The Reserve Bank of Zimbabwe (RBZ) has permitted Fastjet Zimbabwe to draw funds from the legacy loan in local currency in the interim to pay off its creditors.
The legacy loans relate to foreign money that local businesses needed to pay external suppliers but the central bank was unable to do so.
Fastjet received permission from the RBZ in 2020 to include as legacy loans certain historic group intercompany loans of US$22.5 million given to Fastjet Zimbabwe Limited as well as US$2.7 million in funds from company creditors in Zimbabwe.
Since Fastjet Zimbabwe initially began operations, a portion of the total group intercompany loan capital has been made up of the Legacy Loan debt.
The RBZ has acknowledged that the loans were made under the previous 1:1 currency regime for investment and to continue support of the company’s operations in Zimbabwe with these licenses.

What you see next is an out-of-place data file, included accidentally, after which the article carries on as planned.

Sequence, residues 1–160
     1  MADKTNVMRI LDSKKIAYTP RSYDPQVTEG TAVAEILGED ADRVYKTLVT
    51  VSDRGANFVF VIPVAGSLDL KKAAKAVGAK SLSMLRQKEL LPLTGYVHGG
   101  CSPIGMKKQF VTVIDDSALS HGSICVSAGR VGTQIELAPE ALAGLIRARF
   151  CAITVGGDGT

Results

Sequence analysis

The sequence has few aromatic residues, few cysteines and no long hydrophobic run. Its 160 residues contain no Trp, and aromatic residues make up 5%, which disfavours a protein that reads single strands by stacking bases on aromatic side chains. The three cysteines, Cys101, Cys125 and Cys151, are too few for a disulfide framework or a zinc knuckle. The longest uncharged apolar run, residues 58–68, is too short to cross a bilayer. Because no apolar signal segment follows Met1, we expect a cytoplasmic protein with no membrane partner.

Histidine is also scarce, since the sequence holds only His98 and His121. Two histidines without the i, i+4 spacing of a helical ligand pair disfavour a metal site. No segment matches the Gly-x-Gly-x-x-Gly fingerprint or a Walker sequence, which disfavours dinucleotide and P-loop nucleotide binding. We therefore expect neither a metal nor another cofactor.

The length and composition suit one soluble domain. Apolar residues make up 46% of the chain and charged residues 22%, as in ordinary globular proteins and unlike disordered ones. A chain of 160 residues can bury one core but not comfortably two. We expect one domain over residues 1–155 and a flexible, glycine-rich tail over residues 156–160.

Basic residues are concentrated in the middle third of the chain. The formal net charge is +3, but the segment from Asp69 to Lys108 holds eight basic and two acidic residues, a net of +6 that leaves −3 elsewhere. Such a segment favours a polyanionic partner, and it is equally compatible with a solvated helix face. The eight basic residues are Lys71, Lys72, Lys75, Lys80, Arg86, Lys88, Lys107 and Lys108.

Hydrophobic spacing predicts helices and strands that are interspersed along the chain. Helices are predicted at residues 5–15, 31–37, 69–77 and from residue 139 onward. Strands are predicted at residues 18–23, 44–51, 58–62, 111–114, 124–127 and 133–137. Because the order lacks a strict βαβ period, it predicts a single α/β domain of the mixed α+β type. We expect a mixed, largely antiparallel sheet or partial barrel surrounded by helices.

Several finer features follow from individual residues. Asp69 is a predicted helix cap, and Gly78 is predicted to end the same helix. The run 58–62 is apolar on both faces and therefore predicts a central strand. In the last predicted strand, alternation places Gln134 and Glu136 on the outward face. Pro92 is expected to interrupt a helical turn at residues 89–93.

“While the company is awaiting the final position from the RBZ on the next steps to expunge balances under the Legacy Loan, as new legislation is being drafted to govern this,” said Fastjet in a statement accompanying its half year results.
“In the meantime, the RBZ has allowed the company to draw against the Legacy Loan in ZWL currency to settle fastjet Zimbabwe creditors. There is no guarantee of continued future access to the legacy loan facility, despite recent successes in accessing these to date.”
In the first six months of 2022, fastjet Zimbabwe Limited increased revenue by 116% to US$18.4 million from US$8.5 million in H1 2021 due to growth in passenger numbers.
fastjet Zimbabwe’s operating expenses stood at US$18.2 million compared to US$11.7 million in 2021, driven by flight operations during this period being higher than pre-Covid-19 levels.
It said the major item driving the increase in costs is fuel, both in litres consumed and the price paid per litre.
Fastjet Zimbabwe’s load factor reached 78% while network on-time performance stood at 91%.
The airline operates four Embraer ERJ145, 50-seat jets, servicing all domestic Zimbabwean routes as well as the international core cross-border routes between Zimbabwe and South Africa – Harare